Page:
Whether it’s real or psychological, playing a sport on your home field can be advantageous. The same is true for creditors- the laws of a home state are familiar, and oftentimes the products are written in contemplation of those laws, especially with respect to interest rates and late fees. Given the realities of interstate commerce, creditors often find themselves offering the loan products outside of their home states. Depending on the entity, however, they may be able to apply their home state laws in litigation.
Many nationwide banks are “national banks” within the meaning of federal law. What it means to be a national bank in terms of regulations is beyond the scope of this article. Article VI, Clause 2 of the United States Constitution reads as follows:
In other words, the Supremacy Clause of the U.S. Constitution “grants Congress the power to preempt state laws.” Preemption can occur in one of three ways:
- Express preemption occurs when Congress declares outright that an enactment preempts state law.
- Field preemption occurs when Congress enacts a scheme of federal regulations that is "so pervasive as to make reasonable the inference that Congress left no room for the States to supplement it, or where an Act of Congress touch[es] a field in which the federal interest is so dominant that the federal system will be assumed to preclude enforcement of state laws on the same subject.
- Conflict preemption occurs "when the state law actually conflicts with federal law. Preemption due to conflict exists when it is impossible to comply with both state and federal requirements or where state law poses an obstacle to accomplishing congressional objectives.”
Whether or not a state may view its own law as highly important is irrelevant- if it is preempted by federal law, then federal law controls. This is critical in two areas; the charging of interest and the necessity of registering as a business in a foreign state.
In Marquette Nat. Bank of Minneapolis v. First of Omaha Service Corp., 439 US 299 (1978), the US Supreme Court held that the above statute authorizes a national bank to charge out of state credit card customers an interest rate allowed by the bank’s home state, even when that rate is higher than what is permitted by the states in which the cardholders reside. This is an example of preemption.
National Banks are also exempt from the need to register to do business in a state. They are instrumentalities of interstate commerce, and their registration with the federal government preempts the need to register with a state.
Federal Deposit Insurance Corporation- Insured State-Chartered Banks
Not all banks are “national banks.” Some are state-chartered banks insured by the Federal Deposit Insurance Corporation (FDIC). The differences between the various institutions is, again, beyond the scope of this article.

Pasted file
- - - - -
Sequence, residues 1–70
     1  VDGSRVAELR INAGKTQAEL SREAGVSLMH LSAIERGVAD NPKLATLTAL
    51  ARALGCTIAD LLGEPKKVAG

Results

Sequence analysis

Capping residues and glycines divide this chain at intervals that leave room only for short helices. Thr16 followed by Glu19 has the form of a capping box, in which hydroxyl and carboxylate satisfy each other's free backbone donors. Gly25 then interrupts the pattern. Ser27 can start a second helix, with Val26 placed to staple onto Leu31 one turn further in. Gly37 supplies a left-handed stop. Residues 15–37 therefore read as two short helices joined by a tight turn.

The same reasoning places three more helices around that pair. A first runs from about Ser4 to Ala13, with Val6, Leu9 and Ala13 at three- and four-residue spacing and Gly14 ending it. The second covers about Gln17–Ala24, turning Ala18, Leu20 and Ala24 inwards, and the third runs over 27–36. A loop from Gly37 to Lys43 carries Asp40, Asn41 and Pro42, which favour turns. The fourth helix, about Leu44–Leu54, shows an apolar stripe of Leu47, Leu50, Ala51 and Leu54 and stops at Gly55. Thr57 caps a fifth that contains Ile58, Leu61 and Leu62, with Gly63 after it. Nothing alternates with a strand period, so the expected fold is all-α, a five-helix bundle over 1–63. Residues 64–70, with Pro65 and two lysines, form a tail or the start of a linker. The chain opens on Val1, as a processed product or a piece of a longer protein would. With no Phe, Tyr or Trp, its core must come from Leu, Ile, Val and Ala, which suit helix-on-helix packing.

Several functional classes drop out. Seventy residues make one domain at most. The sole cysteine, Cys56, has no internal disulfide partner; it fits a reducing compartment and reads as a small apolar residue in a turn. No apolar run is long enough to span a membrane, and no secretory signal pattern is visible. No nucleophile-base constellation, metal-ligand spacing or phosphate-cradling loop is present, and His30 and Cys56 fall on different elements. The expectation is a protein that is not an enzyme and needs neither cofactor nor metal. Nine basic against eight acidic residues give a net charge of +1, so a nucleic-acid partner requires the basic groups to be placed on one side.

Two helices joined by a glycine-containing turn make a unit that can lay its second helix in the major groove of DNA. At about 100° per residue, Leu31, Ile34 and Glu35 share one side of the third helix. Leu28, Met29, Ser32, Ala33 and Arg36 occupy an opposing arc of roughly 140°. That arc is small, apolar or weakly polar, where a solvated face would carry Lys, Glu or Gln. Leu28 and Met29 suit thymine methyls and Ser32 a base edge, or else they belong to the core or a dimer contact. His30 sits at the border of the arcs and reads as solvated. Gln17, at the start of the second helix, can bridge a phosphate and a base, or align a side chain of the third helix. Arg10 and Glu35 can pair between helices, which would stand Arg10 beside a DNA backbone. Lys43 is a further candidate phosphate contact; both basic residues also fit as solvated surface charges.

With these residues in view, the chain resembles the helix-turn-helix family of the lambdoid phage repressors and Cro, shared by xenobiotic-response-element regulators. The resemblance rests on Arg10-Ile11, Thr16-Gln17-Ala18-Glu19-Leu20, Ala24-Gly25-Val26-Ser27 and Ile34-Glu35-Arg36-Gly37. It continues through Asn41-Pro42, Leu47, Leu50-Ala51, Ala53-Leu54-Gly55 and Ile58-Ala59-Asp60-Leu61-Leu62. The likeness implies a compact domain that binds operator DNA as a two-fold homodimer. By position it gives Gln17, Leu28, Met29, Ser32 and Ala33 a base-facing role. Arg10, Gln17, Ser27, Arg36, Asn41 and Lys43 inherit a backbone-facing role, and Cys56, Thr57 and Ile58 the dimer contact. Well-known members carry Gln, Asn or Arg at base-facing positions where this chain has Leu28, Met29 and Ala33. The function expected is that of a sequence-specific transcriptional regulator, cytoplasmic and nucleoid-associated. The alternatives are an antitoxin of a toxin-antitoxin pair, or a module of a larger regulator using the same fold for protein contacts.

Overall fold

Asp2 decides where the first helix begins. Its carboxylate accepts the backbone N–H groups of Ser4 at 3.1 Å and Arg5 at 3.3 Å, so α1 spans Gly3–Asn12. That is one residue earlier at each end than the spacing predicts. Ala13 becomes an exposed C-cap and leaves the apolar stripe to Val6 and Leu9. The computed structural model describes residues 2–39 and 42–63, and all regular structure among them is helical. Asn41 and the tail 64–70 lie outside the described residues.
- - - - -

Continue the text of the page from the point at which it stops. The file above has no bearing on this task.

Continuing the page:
12 USC 1831d permits a state-chartered FDIC-insured bank to apply the laws of its home state with respect to interest and fees. The exact language of the statute permits the institution to charge the greater of “not more than 1 per centum in excess of the discount rate on ninety-day commercial paper in effect at the Federal Reserve Bank in the Federal Reserve district where such state bank or such insured branch of a foreign bank is located” or “at the rate allowed by the laws of the state, territory, or district where the bank is located.” The functional effect of this is to track the National Bank Act with respect to an institution’s ability to provide banking services in interstate commerce.
Credit Unions in Ohio
Credit unions operating in Ohio are subject to two different statutes regarding interest. The rules are different for federally-chartered credit unions and Ohio-chartered credit unions. The differences between these two types of entities are, again, beyond the scope of this article.
Ohio-chartered credit unions may charge 1.5% per month (18% per annum) under Ohio Revised Code section 1733.25, absent any sort of signed writing from a consumer. With a signed writing indicating the consumer’s assent, however, they may charge greater than 18% per annum under Ohio Revised Code 1733.251.
Federally-chartered credit unions are subject to a different statute. 12 USC 1757 permits a 15% interest rate cap on all loans, including credit cards. Much like the national banks and FDIC-insured state-chartered banks, this federal law preempts state laws that would otherwise limit interest to lower rates.
The Home Field Advantage
The end effect of this system of preemption is that an institution in Ohio may apply the laws of its state in its contracts regardless of whether the other party is also in Ohio or any other state. This provides a simplified environment for these businesses; an institution needs only to know its own state’s laws regarding interest and fees rather than tailoring different agreements to each state. The end effect is that the institution has less burden. The consumer benefits by having a competitive marketplace for financial services unburdened by the possibility of protectionist policies calculated to disadvantage out-of-state institutions adopted by individual states. Furthermore, in this time of heightened mobility, both the institution and the consumer are aware of the law applicable to the contract, making its application more predictable for both parties- if the parties move, the law will still stay the same.
This blog is not a solicitation for business and it is not intended to constitute legal advice on specific matters, create an attorney-client relationship or be legally binding in any way.